First the organization must decide what to do about the alleged wrongdoing (i.e., stop it or allow it to continue). Then the organization must decide what to do about the whistle-blower — ignore them, silence them, discredit them or the allegations being made, retaliate against them, or laud them. This is one of the most critical steps in the process, because employees take cues about the consequences of whistle-blowing from the experiences of others. If employees believe that whistle-blowers are retaliated against, they will refrain from coming forward when they observe misconduct. As a result, any future misconduct will likely continue, because employees will be reluctant to inform management about it.
So, what is the motivation behind “shooting the messenger”? Many people mistakenly believe that whistle-blowing is an act of disloyalty. Supervisors or superiors may think the whistle-blower is questioning their ability, integrity, and conduct.
How Can Employers Encourage Whistle-Blowers and Prevent Retailiation?
Retaliation is so appalling because it represents a second form of misconduct, in which the whistle-blower, who reported the initial misconduct, now becomes the victim. And, as a recent article in Risk Management points out, retaliation against whistle-blowers is on the rise:
- In 2011, 31% of whistle-blowers experienced physical attacks on their property, versus only 4% in 2009.
- Although whistle-blowing has only increased by 12% over the past five years, retaliation has increased by 83%, which will probably drive down future reporting rates.
- In 2011, for the first time in the history of the National Business Ethics Survey, managers are not more likely to experience retaliation than nonmanagement employees, and the biggest jump in retaliation of all employee levels occurred among senior management.
There are a number of preventive as well as responsive actions that organizations can take to not only encourage whistle-blowing but also eliminate, or at least minimize, retaliation. First and foremost they need to establish a comprehensive ethics and compliance program that includes:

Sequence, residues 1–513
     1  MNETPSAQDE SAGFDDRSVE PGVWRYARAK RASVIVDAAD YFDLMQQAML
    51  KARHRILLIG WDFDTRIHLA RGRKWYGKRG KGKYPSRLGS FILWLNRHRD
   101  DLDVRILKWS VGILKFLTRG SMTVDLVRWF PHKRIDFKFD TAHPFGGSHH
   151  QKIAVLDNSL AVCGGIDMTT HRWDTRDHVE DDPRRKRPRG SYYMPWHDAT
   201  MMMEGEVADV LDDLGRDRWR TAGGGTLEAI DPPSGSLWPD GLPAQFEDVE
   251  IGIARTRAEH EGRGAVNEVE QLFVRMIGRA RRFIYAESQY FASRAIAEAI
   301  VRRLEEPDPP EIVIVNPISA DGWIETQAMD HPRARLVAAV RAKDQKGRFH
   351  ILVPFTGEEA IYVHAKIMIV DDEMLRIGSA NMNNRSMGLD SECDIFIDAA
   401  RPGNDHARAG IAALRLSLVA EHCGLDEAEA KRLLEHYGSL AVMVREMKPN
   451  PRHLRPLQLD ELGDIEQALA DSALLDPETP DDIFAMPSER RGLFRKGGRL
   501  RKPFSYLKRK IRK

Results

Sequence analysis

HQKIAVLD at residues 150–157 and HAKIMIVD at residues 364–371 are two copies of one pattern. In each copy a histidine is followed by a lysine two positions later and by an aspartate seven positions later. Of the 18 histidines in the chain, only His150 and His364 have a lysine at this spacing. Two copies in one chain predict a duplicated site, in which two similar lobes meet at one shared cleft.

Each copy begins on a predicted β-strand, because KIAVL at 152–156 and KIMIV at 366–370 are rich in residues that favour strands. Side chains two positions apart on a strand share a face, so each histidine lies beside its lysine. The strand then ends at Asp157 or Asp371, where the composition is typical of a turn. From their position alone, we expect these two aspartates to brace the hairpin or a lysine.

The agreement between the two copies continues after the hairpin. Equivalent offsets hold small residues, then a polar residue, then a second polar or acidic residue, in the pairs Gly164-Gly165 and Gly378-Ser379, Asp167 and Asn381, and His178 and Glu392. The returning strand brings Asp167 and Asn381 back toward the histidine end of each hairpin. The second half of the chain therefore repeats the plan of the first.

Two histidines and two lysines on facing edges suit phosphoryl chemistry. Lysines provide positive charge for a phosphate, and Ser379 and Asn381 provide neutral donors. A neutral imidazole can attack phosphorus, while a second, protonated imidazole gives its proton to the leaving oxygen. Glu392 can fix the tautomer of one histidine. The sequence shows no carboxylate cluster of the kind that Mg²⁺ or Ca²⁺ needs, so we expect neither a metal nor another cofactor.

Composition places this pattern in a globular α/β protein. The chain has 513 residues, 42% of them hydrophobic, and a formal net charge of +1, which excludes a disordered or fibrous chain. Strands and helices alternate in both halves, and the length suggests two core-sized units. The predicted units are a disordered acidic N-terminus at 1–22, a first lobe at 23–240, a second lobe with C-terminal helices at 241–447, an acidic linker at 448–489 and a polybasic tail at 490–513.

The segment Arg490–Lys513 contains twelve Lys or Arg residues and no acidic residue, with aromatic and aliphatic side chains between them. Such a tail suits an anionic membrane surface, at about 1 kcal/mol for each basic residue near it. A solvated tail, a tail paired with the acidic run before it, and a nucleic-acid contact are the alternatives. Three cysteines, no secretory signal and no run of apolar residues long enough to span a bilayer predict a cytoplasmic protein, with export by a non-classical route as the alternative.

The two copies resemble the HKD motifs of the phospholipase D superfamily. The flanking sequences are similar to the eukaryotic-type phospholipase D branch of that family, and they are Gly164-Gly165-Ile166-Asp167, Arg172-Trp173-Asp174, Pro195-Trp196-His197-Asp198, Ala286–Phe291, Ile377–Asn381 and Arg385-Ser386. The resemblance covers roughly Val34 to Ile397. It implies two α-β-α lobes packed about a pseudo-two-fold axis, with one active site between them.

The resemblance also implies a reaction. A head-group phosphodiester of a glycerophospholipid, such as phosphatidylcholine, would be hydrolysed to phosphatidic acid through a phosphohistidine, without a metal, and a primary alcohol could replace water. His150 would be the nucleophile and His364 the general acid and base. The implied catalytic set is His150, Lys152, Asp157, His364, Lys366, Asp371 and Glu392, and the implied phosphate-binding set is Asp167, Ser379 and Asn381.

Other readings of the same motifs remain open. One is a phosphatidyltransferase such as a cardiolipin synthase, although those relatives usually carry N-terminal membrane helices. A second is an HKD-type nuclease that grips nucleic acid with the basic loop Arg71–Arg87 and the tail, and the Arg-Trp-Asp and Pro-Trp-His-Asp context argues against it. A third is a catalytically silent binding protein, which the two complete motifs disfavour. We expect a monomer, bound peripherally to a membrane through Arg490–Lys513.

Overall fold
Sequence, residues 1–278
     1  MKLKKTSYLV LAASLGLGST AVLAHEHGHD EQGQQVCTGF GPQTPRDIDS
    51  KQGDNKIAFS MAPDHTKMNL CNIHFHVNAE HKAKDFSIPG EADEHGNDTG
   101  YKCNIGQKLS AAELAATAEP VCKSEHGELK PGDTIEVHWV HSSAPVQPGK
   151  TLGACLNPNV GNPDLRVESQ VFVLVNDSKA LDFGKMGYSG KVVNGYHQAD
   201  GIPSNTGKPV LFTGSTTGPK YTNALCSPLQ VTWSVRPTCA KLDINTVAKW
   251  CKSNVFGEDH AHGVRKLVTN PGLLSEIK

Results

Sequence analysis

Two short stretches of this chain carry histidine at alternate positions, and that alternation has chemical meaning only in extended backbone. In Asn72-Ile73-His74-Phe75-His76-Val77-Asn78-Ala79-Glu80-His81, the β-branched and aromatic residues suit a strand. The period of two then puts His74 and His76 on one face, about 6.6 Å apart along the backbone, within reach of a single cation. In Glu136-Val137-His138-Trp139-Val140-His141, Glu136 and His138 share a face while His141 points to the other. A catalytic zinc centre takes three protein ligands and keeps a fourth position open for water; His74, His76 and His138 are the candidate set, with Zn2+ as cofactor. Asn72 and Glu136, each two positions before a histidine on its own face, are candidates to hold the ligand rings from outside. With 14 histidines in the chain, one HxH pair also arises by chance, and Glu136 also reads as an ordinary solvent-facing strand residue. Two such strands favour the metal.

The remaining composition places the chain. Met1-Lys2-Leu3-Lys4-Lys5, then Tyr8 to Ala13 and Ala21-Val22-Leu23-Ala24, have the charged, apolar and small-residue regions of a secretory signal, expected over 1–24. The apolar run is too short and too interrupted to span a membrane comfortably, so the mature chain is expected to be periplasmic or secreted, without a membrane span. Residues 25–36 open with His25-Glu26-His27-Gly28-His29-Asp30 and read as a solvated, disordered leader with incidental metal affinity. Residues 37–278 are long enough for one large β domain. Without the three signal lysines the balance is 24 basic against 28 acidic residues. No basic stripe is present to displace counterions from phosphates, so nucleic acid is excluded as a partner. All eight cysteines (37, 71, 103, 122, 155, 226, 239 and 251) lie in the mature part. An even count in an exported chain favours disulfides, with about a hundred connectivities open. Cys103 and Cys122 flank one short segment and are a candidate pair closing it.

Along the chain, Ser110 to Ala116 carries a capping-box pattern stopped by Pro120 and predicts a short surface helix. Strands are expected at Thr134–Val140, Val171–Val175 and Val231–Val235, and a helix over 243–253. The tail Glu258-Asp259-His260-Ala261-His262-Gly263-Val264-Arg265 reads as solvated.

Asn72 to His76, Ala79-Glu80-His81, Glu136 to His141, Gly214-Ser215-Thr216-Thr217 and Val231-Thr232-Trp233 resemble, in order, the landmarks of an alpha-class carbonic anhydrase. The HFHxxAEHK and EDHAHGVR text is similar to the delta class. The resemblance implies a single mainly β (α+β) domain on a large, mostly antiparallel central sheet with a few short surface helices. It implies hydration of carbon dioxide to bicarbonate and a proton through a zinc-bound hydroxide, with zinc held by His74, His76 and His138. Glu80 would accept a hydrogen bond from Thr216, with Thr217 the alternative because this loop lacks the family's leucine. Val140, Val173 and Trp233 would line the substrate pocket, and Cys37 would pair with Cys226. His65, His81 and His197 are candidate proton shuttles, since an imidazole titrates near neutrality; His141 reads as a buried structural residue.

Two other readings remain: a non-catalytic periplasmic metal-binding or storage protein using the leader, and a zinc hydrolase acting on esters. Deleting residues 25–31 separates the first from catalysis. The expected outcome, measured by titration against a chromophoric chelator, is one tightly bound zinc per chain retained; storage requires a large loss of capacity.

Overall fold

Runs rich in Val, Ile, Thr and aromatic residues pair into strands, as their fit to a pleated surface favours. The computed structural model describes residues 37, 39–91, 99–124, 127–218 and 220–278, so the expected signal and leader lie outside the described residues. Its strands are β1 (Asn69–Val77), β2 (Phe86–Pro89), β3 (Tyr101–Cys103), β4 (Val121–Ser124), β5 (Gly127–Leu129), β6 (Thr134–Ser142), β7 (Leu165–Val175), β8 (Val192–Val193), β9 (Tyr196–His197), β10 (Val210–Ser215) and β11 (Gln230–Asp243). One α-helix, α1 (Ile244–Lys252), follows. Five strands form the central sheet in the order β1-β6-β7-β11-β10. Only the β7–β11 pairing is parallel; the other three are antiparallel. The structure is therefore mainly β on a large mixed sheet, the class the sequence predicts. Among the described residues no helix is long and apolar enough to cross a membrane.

- written standards on workplace ethical conduct;
- training on these standards;
- resources (such as an ombudsman) that employees can draw upon when they need advice about ethical issues; and
- an in-house complaint process and a confidential and anonymous means to report misconduct.
Only 2% of whistle-blowers experience retaliation in companies with these types of programs. Retaliation also decreases when employees are prepared to handle situations that could lead to violations of company ethics standards, policy, or the law, which highlights the importance of training.
It is also crucial that top as well as middle management make ethics a top priority and exhibit ethical behavior. They should communicate openly with employees not only about reporting misconduct, but also about the protections afforded to those who do report. In addition, they should be educated about retaliation and trained to recognize and address it when or if it occurs. When a report of misconduct is made, managers need to take it seriously and quickly investigate and respond to it. If the whistle-blower’s claims are substantiated, the wrongdoer should be punished appropriately and the whistle-blower positively acknowledged.
Failing to encourage whistle-blowing or to prevent retaliation can be financially as well as culturally damaging to organization.
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All posts are the opinion of the author. As such, they should not be construed as investment advice, nor do the opinions expressed necessarily reflect the views of CFA Institute or the author’s employer.